Message from Tommy, Crisis Team Director
The following article was featured in the May, 2006 Emerald Coast Edition of the healthy living magazine "Natural Awakenings."
This is a national magazine with local content that featured TIP as May's Community Spotlight!
Trauma Intervention Program
(A TIP for us All)
The sirens have barely had time to die down. Emergency personnel are busily tending to the injured, the damaged, the details. Another first aid provider arrives, walking past the EMTs and the blinking lights, past the police officers and firefighters who are so intent on their critical duties, to the quiet, stunned person standing alone on the fringes, unable to fully grasp the tragedy that has just occurred, uncertain of where their next breath will come from, much less what steps they need to take next.
“Hello,” says the new arrival. “I am from the Trauma Intervention Program. I’m here to help you.”
They have many times been likened to angels. They are the volunteers of TIP, a group of specially trained citizen volunteers who provide emotional and practical support to victims of traumatic events and their families in the first few hours following a tragedy.
“We call it emotional first aid,” explains Tommy Carter, Director of the NW Florida Chapter of TIP, serving Escambia, Santa Rosa, and Okaloosa Counties. “Emergency workers often have to devote their attention to victims needing immediate physical care, or to the details surrounding an unexpected death or a crime. The survivors have to wait until family, friends, or local organizations can be contacted. In the meantime, those survivors are in tremendous emotional distress. We are called by police, hospitals, fire fighters, Life Flight, any emergency group, really, to help provide support to those who have been emotionally injured. We fill in the gap between the crisis and the arrival of support.”
A national program, TIP first came to Tommy’s attention about five years ago. “I had moved to the Florida coast from northern Alabama and was in awe of the beauty and the lifestyle. It was just like a Wonderland. But the dream wasn’t perfect. I started to hear about drownings and other tragedies in the area, and I wondered how the families would cope, especially if they were visitors. I felt like something was missing in this Paradise. Then one morning I picked up the paper and read about TIP, and I said ‘THAT is what’s missing,’ and I knew I wanted to be a part of it.” Tommy and his wife, Katherine, both became volunteers.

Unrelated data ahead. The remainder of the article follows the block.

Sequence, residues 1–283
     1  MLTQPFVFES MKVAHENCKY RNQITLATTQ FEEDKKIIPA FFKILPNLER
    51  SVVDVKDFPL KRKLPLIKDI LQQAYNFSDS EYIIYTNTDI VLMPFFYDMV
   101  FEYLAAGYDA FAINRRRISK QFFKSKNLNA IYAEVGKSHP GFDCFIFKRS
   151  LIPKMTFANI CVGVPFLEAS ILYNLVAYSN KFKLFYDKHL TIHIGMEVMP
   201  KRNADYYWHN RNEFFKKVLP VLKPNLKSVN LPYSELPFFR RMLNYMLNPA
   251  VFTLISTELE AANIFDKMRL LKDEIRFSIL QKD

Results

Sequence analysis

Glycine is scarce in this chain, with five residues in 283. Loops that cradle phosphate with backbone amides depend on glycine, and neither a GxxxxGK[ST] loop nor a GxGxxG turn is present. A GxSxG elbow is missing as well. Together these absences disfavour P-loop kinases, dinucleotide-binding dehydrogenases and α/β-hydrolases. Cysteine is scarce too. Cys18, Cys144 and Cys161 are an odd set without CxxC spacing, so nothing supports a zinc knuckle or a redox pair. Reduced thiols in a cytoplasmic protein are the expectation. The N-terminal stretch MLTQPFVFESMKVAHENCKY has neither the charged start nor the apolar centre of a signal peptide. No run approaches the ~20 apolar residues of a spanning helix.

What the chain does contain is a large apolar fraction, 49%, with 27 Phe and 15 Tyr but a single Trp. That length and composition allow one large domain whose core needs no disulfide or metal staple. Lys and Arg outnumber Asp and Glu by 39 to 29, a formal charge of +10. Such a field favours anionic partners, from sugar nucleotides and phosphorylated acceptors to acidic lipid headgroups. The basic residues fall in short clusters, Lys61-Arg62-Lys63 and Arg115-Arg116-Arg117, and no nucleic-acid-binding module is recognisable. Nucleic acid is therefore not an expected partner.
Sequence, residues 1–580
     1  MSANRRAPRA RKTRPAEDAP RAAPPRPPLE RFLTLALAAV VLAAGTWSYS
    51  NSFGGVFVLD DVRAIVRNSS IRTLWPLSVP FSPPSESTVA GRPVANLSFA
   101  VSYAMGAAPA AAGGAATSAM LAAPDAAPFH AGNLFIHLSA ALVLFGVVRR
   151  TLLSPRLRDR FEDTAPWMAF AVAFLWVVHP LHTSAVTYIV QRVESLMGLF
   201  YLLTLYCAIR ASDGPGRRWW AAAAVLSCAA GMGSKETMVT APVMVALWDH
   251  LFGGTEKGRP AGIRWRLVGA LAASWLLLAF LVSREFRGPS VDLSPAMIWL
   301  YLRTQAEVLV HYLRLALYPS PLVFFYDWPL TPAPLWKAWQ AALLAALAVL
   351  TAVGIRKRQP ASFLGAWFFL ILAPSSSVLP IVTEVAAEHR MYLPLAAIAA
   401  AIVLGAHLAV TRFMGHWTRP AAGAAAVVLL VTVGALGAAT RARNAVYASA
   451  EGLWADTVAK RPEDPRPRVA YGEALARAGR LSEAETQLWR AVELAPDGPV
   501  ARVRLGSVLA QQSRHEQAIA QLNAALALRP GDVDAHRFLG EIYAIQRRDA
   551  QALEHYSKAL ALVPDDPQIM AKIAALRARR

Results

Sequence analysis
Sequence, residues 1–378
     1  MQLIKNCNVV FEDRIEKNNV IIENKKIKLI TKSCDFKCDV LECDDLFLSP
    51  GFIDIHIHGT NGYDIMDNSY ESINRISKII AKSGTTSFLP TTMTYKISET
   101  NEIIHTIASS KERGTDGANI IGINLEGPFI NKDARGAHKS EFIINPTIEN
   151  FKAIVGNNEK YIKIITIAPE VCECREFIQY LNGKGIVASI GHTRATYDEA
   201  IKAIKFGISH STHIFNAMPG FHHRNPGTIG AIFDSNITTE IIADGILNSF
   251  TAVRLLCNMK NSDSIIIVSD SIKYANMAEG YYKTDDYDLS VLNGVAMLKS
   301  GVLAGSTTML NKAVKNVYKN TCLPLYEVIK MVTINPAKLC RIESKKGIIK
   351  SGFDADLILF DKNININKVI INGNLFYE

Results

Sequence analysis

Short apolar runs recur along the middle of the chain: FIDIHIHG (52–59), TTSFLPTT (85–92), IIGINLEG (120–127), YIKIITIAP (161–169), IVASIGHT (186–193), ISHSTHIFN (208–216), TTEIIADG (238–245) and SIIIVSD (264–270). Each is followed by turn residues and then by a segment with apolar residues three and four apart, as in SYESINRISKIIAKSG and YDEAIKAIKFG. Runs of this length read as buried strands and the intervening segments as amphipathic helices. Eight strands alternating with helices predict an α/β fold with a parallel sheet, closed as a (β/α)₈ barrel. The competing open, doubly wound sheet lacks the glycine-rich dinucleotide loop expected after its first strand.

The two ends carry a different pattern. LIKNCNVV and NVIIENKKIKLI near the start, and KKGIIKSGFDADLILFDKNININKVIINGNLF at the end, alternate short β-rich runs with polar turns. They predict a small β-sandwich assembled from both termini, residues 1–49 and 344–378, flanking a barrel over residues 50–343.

Anyone can become a TIP volunteer, according to Tommy, because there are no prerequisites. “All we ask is that you have a cool head and a warm heart, and TIP provides the rest.” Volunteers attend a free 55-hour training course, taught by national trainers. A three-hour continuing education class is offered once per month. Classes meet on evenings and weekends, allowing volunteers to continue their daily work schedules. After training, volunteers choose their own on-call schedule of three twelve-hour shifts per month. They might not be called during that time, but if they are, they must be able to “drop and go” at a moment’s notice.
Calls might involve an elderly woman suddenly faced with the death of her spouse, or a child traumatized by the death of his pet. A family might be facing the loss of their burned-out home, or a single mom and her kids may be afraid to enter their home after a burglary. Although the situations vary considerably, one constant remains: These people won’t have to face their crisis alone if TIP is there.
Asked about specific gratifying experiences with TIP, Tommy finds it impossible to single out just one. “TIP volunteers are put in situations they never dreamed they would be able to handle. But they do handle it, and they do incredible jobs. It’s a constant gratification. We make a difference in people’s lives.”
Want to help? TIP is a non-profit tax exempt organization. It is funded through government grants, fund-raising events, and individual contributions. You can offer to help by writing Tommy at 1269 Holiday Drive, Gulf Breeze, FL 32563, or by calling (850) 934-6654, or by emailing TommyC@tip-ser.org. If you would like to become a TIP volunteer, check our website (www.tip-ser.org) for updated training sessions being held in the Pensacola area and the Okaloosa County area. The training schedule can also be viewed on the national website (www.tipnational.org), and volunteers can register directly from the national site.
The Trauma Intervention Program was founded in San Diego County, CA, in 1985, and in 1991 won the prestigious Innovations in State and Local Government Award from Harvard University and the Ford Foundation. There are currently 18 regional Chapters serving over 75 cities, 100 hospitals, 67 police departments, and 55 fire departments. Trauma Intervention Programs, Inc., is the largest operator of emergency services volunteer programs in the nation.
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